Perspectives on Diagnosis and Management in Cardiac Surgery

A special issue of Diagnostics (ISSN 2075-4418). This special issue belongs to the section "Pathology and Molecular Diagnostics".

Deadline for manuscript submissions: closed (31 December 2023) | Viewed by 957

Special Issue Editors


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Guest Editor
Department of Adult Cardiac Surgery, Onassis Cardiac Surgery Center, 356 Leoforos Syggrou, 17674 Athens, Greece
Interests: evidence based medicine; cardiac surgery; thoracic aorta diseases; heart valve diseases; minimal invasive cardiac surgery; outcomes; cardiovascular disease pathologies; cardiovascular disease treatments; biomarkers in cardiovascular disease; critical care patients
Special Issues, Collections and Topics in MDPI journals

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Guest Editor
Department of Pediatric and Congenital Heart Surgery, Onassis Cardiac Surgery Center, 356 Leoforos Syggrou, Athens 17674, Greece
Interests: pediatric cardiac surgery; pediatric cardiology; congenital heart surgery; pediatric cardiology intensive care; pediatric cardiac surgery intensive care; critical care patients with congenital heart disease; outcomes after pediatric cardiac surgery; complex congenital heart disease; diagnosis; treatment; outcomes; long-term follow-up

Special Issue Information

Dear Colleagues,

New diagnostic approaches for heart and thoracic aorta diseases have arisen in the last 10–15 years. The techniques of 3D transesophageal echocardiography and 3D computed tomography angiography provide a different view for the diagnosis and management of heart and thoracic aorta diseases. Cardiac magnetic resonance has been established as an accurate diagnostic method for the assessment of cardiac anatomy and function. On the other hand, coronary computed tomography is the method of choice for revealing asymptomatic patients with severe coronary artery disease and seems that it will be one of the routine examinations for the diagnosis of patients with suspected coronary artery disease in the future. Artificial intelligence has emerged as a new method for the diagnosis and treatment for patients with heart disease. In addition, 3D printing and reconstruction of the heart and great vessels offer a valuable tool for the accurate diagnosis of acquired and congenital heart diseases. Furthermore, virtual reality and augmented reality have made their way into healthcare and can display interactive 2D and 3D images, helping physicians to achieve a detailed diagnosis and optimal management.

With great pleasure, we are looking forward to submitting your work and research (research articles and reviews) in this Special Issue.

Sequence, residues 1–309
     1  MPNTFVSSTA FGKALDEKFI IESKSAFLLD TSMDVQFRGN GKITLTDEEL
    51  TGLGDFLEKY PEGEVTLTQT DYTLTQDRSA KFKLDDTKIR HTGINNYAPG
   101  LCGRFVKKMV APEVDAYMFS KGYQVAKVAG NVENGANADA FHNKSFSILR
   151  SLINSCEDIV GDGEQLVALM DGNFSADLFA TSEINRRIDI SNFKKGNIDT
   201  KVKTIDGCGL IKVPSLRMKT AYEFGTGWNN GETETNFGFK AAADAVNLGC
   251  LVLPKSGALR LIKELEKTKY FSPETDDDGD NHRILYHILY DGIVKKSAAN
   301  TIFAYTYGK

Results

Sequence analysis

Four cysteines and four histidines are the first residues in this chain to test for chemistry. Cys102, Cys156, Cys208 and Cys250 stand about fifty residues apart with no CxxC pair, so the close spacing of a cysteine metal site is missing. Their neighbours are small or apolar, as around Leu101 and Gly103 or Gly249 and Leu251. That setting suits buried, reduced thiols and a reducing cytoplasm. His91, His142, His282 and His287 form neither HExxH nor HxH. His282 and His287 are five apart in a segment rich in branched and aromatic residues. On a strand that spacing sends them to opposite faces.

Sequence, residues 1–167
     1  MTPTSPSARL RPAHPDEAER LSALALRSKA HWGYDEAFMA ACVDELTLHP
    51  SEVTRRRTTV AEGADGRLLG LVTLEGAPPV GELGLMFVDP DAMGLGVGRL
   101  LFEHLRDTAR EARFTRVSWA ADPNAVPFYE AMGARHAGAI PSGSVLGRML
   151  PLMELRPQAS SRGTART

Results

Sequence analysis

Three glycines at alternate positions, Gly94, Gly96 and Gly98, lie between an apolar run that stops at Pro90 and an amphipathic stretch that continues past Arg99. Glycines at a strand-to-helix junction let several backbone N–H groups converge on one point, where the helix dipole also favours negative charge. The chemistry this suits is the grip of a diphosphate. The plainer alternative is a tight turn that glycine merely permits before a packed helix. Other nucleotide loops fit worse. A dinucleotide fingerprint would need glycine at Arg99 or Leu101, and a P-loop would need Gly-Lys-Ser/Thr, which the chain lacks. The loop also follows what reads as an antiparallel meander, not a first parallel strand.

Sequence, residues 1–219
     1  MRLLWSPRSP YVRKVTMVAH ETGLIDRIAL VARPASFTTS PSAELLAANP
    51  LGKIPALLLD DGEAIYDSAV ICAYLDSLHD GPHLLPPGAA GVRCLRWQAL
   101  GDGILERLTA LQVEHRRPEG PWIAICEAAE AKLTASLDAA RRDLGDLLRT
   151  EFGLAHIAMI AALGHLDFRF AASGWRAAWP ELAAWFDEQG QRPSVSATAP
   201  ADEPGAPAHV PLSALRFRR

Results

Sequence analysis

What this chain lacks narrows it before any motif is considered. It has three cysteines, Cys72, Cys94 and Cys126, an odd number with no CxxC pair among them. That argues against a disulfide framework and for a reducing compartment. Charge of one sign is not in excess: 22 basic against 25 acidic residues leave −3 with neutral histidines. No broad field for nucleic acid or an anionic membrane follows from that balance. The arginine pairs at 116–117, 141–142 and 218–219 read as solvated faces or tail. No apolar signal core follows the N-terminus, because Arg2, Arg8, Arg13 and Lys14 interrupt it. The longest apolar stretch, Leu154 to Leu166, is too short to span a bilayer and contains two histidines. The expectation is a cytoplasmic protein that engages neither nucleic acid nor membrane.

Dr. Georgios Samanidis
Dr. Meletios Kanakis
Guest Editors

Manuscript Submission Information

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Keywords

  • cardiac surgery
  • artificial intelligence
  • diagnosis
  • management
  • 3D transesophageal echocardiography
  • 3D computed tomography
  • cardiac magnetic resonance
  • 3D printing and reconstruction
  • coronary computed tomography
  • computed tomography angiography

Published Papers (1 paper)

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Research

15 pages, 1508 KiB  
Article
Troponin T and Survival following Cardiac Surgery in Patients Supported with Extracorporeal Membrane Oxygenation for Post-Cardiotomy Shock
by Małgorzata Celińska-Spodar, Marta Załęska Kocięcka, Ilona Kowalik, Piotr Kołsut, Ewa Sitkowska-Rysiak, Jarosław Szymański and Janina Stępińska
Diagnostics 2024, 14(1), 45; https://doi.org/10.3390/diagnostics14010045 - 25 Dec 2023
Viewed by 757
Abstract
Background: While troponin is an established biomarker of cardiac injury, its prognostic significance in post-cardiotomy cardiogenic shock patients supported by venoarterial extracorporeal membrane oxygenation (PCCS–VA-ECMO) remains unclear. Objective: This study aimed to assess the correlation between early post-operative troponin T levels and both [...] Read more.
Background: While troponin is an established biomarker of cardiac injury, its prognostic significance in post-cardiotomy cardiogenic shock patients supported by venoarterial extracorporeal membrane oxygenation (PCCS–VA-ECMO) remains unclear. Objective: This study aimed to assess the correlation between early post-operative troponin T levels and both short-term and long-term mortality outcomes in this cohort. Methods: We evaluated 1457 troponin T measurements from 102 PCCS–VA-ECMO patients treated from 2013 to 2018 at a specialized cardio-surgical and transplantation center. Emphasis was placed on troponin concentrations at 24–48 h post-surgery, post-VA-ECMO implantation, and peak troponin levels in relation to VA-ECMO weaning, as well as 90-day and one-year mortality. Results: No significant association was observed between troponin T levels post-VA-ECMO implantation and 90-day mortality (median: 1338 ng/L for overall, 1529 ng/L for survivors vs. 1294 ng/L for non-survivors; p = 0.146) or between peak troponin levels and 90-day mortality (median: 3583 ng/L for overall, 3337 ng/L for survivors vs. 3666 ng/L for non-survivors; p = 0.709). Comprehensive multivariate models showed no correlation between troponin levels and various mortality endpoints. Notably, age, procedure urgency, type, LVEF pre-surgery, Euroscore II, prior cardiac arrest, and VA-ECMO duration were not linked with troponin release. Hemodiafiltration emerged as the strongest mortality risk factor [HR 2.4]. Conclusions: Isolated early Troponin T release and peak troponin T were not associated, while organ complications were linked with VA-ECMO weaning or short- and long-term prognosis. The results underscore the multi-organ implications of PCCS in determining survival. Full article
(This article belongs to the Special Issue Perspectives on Diagnosis and Management in Cardiac Surgery)
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